You can do all the things recommended to the general public for disease prevention: Choose a healthy lifestyle. Invest time in developing and maintaining close friendships and a strong social support network. Avoid tobacco and excessive exposure to the sun. Wear a hat, long-sleeved shirt and full-length pants, and use sunscreen on areas of the body that are directly exposed to the sun, particularly your face and neck. Incorporate exercise and a healthy diet into your daily lifestyle.

Routine Care

Visit your doctor every year or as required for a complete history and physical examination, which could include:

  • Blood tests (complete blood count, glucose level, lipid levels, BUN/creatinine testing, etc.)
  • Thyroid hormone levels
  • Test for blood in stool
  • Cardiovascular risk assessment (blood pressure, cholesterol, etc.)
  • Clinical pulmonary (lung) assessment
  • Women: Pap smear and mammogram based on current guidelines and in consultation with your doctor, monthly breast self-exam. If you are taking estrogen or progesterone, review the benefits and risks with your gynecologist.
  • Men: Annual prostate exam over the age of 45 and testes self-exam
  • Regular skin self-exam; notify your doctor of any changes or unusual symptoms
  • Discussion of sexual function, noting changes or problems • Annual flu vaccine
  • Screening colonoscopy starting at age 50, or if there is a family history of colon cancer, 10 years before the age your close family relative was diagnosed with colon cancer. Follow-up based on doctor’s recommendations.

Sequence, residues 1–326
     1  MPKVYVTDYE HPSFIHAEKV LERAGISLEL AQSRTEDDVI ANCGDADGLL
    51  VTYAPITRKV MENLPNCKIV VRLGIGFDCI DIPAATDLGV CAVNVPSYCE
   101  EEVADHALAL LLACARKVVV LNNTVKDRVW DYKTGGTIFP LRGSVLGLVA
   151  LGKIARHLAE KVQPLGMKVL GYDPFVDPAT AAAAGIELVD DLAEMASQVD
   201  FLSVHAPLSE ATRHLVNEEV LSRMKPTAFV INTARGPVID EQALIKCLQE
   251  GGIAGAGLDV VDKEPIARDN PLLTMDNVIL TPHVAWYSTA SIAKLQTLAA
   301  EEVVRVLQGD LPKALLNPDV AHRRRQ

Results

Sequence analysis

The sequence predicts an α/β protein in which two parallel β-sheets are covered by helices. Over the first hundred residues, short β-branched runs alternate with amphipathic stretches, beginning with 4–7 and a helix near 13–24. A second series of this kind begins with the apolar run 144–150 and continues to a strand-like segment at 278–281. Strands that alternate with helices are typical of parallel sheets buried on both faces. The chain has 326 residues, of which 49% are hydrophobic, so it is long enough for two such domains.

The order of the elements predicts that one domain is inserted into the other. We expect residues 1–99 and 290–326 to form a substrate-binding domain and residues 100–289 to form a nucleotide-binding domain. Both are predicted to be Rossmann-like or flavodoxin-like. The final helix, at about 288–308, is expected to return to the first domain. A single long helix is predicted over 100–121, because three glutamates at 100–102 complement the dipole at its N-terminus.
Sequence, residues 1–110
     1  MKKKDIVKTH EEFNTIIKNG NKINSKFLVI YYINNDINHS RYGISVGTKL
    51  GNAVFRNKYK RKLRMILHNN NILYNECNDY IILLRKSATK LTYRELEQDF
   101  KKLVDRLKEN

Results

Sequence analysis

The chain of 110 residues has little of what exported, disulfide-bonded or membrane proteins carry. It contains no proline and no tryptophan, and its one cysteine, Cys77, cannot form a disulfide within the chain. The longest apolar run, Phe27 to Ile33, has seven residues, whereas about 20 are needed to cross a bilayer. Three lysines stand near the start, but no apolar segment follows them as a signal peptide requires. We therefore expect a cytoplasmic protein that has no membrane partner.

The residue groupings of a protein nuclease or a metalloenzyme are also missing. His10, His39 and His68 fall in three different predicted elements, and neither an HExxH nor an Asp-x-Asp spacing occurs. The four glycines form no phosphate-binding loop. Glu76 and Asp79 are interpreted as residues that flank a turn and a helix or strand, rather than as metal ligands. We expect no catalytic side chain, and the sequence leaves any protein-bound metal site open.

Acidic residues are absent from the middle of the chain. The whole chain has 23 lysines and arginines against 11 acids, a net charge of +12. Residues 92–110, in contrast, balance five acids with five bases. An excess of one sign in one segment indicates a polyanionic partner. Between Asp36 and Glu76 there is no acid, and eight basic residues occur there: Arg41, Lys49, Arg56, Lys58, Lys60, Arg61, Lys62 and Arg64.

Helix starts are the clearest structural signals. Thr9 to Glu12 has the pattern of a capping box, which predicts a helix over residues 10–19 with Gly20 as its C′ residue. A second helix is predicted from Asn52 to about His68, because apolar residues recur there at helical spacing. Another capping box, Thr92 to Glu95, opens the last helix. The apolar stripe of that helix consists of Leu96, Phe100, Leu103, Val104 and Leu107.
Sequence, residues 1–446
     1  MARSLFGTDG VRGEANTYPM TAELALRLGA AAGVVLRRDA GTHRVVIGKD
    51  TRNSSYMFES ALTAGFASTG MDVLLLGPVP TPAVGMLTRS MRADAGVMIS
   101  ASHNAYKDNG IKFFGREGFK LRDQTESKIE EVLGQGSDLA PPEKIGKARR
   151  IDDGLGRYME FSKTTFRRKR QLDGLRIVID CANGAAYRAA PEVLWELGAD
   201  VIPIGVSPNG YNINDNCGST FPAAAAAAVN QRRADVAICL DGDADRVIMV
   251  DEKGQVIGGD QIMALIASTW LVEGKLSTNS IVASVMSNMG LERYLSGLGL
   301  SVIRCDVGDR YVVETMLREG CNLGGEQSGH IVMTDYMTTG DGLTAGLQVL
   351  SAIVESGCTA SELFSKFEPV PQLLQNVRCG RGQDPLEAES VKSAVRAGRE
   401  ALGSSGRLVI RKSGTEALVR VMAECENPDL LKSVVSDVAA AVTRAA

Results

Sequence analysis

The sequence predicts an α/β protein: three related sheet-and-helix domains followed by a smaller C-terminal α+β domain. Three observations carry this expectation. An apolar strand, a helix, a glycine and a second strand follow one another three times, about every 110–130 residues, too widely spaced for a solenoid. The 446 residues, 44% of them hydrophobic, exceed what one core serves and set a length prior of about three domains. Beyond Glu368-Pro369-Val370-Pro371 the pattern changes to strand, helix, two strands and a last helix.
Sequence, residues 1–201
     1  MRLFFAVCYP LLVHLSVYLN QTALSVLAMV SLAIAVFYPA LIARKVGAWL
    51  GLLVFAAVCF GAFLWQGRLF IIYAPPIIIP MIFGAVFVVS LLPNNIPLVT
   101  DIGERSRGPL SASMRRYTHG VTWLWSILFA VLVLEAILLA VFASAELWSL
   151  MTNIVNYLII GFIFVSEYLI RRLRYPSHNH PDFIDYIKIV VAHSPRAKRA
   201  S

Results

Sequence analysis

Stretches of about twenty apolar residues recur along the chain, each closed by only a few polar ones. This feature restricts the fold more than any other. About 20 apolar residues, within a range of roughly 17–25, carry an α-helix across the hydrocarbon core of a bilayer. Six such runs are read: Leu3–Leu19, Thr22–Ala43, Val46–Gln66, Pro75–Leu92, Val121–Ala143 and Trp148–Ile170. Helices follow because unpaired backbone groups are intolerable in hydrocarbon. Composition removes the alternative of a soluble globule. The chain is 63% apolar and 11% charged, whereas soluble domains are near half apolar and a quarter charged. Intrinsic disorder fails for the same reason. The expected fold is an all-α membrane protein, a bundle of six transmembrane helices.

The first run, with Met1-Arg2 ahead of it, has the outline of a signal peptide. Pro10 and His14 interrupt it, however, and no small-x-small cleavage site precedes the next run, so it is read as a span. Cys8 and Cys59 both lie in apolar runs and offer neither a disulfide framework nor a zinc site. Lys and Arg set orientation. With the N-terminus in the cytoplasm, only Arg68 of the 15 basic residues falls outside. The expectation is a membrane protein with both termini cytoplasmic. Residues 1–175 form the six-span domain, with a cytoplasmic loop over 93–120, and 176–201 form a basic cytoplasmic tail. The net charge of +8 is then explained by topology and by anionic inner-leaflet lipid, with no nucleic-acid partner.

Dental

Have a dental exam and cleaning every six months. If you have mouth GVHD or are immunocompromised, you may need to take antibiotics prior to dental work to reduce your chance of infection. Consult with your transplant center or dentist regarding appropriate guidelines. Make sure that your dentist screens you for mouth cancer.

Eyes

Have an eye exam annually to check for cataracts or problems resulting from GVHD. If you have GVHD or are on immunosuppression, get a Schirmer’s test to measure tear production. Take along your medication list, as some medicines can affect eye health.

Special Tests
Pulmonary (Lung) Function Test

This should be done one year post transplant and then again five years post transplant. If tests are abnormal, if you have symptoms, or are being treated for chronic GVHD, you may need to have additional pulmonary lung function tests.

Vaccinations

Childhood immunizations should be done after transplantation, usually at one year post transplant. However, your timing might be different depending on your immune recovery. Live vaccines for diseases such as measles, mumps, and rubella should be given only after you have been off immunosuppressive treatment for a year or more. Vaccines, such as the pneumococcal vaccine, which is derived from the dead form of the bacteria, can be given regardless of your immune status. Consult your BMT team for the most up-to-date recommendations, as there may be requirements to receive seasonal vaccines (flu shots, H1N1 or “swine flu”). Consult a travel clinic for preventive recommendations if you plan to travel abroad.

Hepatitis C Virus

You should get tested at some point after the transplant for the hepatitis C virus, particularly if you had transfusions before 1991.

Chronic Myeloid Leukemia (CML)

Patients who had CML prior to their transplant should get a blood test annually to be screened for the presence of leukemia cells.

Bone Density

Loss of bone mass after transplant can occur due to low hormone levels, use of certain medications, as well as inactivity. A bone density scan should be done at least once after the transplant and followed up with additional screening and treatment if warranted.